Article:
All right boys, explain this one. A high school team in Arizona opted to forfeit its chance at a championship because they didn’t want to play a team with a girl on it. Think about that and remind yourselves that it’s 2012. The team, which attends Our Lady of Sorrows Academy, forfeited the game rather than face off Mesa Preparatory Academy because Mesa’s second-baseman is 15-year-old Paige Sultzbach.
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“It’s shameful how little I know about baseball … I’m amazed they let me do this movie. Baseball and I didn’t get along that well. I wrestled one year [in high school]. I dove one year. Everything but baseball.”
—Brad Pitt talks to Sports Illustrated about his new movie, “Moneyball” (which opens this weekend), the true story of an Oakland A’s manager who turned his team around by recruiting bargain players rather than going after the same ones every other team wanted. So what made Brad want to do a flick about his least favorite sport? “I’m a sucker for the underdog story,” he explained. [People] Keep reading »
Ugh, this is such an awful story. A 39-year-old father took his son to a Texas Rangers baseball game in Arlington, TX, last night, and when outfielder Josh Hamilton (left) tossed him a foul ball, he fell 20 feet to his death trying to catch it. A man sitting near Shannon Stone tried to grab him by the leg as he fell over the railing, but wasn’t able to keep ahold of him. “He went straight down,” Ronnie Hargis said. “I tried to grab him, but I couldn’t. I tried to slow him down a little bit.” Keep reading »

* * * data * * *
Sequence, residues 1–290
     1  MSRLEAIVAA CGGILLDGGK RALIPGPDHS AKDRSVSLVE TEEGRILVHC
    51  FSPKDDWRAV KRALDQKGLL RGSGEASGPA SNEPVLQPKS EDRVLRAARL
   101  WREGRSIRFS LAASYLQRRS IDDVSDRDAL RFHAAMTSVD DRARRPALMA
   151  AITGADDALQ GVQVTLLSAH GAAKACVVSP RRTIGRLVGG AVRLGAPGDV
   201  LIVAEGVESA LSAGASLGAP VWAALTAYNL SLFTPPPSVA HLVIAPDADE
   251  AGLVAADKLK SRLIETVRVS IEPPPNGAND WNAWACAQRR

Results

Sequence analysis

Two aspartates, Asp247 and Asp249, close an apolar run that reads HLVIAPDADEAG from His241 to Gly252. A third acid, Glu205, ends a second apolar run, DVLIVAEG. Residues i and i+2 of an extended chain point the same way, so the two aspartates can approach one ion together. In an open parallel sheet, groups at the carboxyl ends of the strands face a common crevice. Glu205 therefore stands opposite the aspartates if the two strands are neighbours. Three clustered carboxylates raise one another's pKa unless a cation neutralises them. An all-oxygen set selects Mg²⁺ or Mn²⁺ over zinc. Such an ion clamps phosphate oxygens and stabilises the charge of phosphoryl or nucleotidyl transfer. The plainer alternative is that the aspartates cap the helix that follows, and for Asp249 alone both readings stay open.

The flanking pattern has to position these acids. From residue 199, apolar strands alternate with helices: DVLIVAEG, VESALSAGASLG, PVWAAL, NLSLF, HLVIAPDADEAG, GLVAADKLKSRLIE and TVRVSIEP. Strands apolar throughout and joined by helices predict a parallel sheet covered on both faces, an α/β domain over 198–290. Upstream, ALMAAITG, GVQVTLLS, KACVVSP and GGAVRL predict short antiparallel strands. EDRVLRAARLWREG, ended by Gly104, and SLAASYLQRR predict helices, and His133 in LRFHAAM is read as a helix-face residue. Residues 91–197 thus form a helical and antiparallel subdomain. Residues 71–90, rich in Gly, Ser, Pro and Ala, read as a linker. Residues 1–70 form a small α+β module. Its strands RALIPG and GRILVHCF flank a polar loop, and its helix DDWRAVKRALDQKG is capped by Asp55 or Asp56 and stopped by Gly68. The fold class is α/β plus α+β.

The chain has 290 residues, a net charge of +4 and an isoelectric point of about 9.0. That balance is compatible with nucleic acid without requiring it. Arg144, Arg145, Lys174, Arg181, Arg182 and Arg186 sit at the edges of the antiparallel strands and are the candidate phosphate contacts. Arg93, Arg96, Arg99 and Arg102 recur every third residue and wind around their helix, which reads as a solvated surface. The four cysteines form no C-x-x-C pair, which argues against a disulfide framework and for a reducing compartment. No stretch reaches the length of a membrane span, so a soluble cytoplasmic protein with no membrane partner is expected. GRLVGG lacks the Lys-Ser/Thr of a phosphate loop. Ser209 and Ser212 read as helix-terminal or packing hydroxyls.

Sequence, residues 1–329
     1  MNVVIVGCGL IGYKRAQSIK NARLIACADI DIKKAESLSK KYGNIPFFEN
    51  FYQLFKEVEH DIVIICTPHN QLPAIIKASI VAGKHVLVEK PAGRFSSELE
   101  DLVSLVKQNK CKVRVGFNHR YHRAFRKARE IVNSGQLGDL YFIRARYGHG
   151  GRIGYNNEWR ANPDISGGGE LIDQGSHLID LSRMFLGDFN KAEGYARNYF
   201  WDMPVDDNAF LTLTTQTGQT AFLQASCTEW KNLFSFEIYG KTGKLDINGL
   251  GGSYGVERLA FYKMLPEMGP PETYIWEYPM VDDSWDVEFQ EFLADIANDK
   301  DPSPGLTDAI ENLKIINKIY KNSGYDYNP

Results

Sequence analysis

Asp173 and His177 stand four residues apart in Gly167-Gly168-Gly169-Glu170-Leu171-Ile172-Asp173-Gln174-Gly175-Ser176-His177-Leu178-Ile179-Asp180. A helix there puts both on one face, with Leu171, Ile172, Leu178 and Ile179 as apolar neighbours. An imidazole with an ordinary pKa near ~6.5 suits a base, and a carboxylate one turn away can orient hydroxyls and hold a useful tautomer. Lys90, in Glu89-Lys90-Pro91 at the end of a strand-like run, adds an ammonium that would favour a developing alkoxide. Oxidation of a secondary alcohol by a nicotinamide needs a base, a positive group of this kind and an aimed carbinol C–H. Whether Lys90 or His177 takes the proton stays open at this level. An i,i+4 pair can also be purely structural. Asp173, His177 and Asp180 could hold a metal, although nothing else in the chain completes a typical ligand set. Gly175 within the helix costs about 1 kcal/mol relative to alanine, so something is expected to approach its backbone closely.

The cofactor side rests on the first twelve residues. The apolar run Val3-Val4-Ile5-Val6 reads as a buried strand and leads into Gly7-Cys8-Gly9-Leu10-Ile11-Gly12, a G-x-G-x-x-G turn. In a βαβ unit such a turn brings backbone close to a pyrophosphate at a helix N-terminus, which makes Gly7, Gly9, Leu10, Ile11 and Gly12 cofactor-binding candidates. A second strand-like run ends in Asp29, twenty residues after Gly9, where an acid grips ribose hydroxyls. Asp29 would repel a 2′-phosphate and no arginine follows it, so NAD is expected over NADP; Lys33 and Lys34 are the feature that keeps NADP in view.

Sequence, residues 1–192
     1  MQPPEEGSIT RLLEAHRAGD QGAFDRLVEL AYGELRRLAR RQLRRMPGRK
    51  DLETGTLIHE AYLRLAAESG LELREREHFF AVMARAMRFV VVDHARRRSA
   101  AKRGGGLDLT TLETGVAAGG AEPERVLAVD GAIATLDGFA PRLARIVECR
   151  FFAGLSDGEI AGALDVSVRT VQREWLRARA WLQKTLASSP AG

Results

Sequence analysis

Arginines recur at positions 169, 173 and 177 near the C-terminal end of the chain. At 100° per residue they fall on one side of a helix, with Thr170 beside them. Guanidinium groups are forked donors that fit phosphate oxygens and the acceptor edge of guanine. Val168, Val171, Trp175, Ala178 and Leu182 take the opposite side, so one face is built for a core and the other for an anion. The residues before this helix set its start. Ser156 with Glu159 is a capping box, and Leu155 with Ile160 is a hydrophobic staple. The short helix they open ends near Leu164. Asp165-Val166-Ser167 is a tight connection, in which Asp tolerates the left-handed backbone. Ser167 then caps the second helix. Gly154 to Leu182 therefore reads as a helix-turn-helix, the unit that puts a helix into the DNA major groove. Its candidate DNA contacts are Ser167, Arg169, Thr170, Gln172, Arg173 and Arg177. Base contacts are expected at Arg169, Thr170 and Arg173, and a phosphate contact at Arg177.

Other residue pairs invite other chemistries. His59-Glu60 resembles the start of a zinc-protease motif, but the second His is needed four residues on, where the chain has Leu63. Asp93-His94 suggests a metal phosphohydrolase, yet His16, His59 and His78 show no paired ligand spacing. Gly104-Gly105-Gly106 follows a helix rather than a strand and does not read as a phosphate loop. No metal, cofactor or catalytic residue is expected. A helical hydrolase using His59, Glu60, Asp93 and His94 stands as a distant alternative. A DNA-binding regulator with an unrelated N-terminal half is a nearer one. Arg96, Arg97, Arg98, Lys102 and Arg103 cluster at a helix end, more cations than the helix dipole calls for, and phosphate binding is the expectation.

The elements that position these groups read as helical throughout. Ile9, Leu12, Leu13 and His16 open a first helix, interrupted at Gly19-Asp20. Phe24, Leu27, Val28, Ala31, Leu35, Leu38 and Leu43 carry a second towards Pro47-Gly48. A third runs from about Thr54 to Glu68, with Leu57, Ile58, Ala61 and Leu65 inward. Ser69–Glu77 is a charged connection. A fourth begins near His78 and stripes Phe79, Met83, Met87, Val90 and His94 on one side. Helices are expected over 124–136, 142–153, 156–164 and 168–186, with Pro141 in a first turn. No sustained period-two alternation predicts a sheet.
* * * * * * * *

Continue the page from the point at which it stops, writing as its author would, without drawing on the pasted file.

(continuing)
So there was a little something last night called the World Series in which the San Francisco Giants beat the Texas Rangers (just in case you hadn’t heard). Did you notice any of the players wearing jewelry? (Or as we like to call male accessories: “mewelry.”) Turns out, it’s quite common for baseball players to wear necklaces, not so much as good luck charms or fashion statements, but to help their game. The rope-like strands contain magnets and aqua titanium, which supposedly “stabilize your electric current inside the body,” allowing you to “enhance your performance” by increasing flexibility and balance, or treating arthritis if you have it. There’s little scientific evidence to back up these claims, but still some big-hitting baseball stars swear by them. Not sure it’s a trend we would hop on for fashion or therapy … but we suppose it’s good to know. [Fox News, MLB Shop] Keep reading »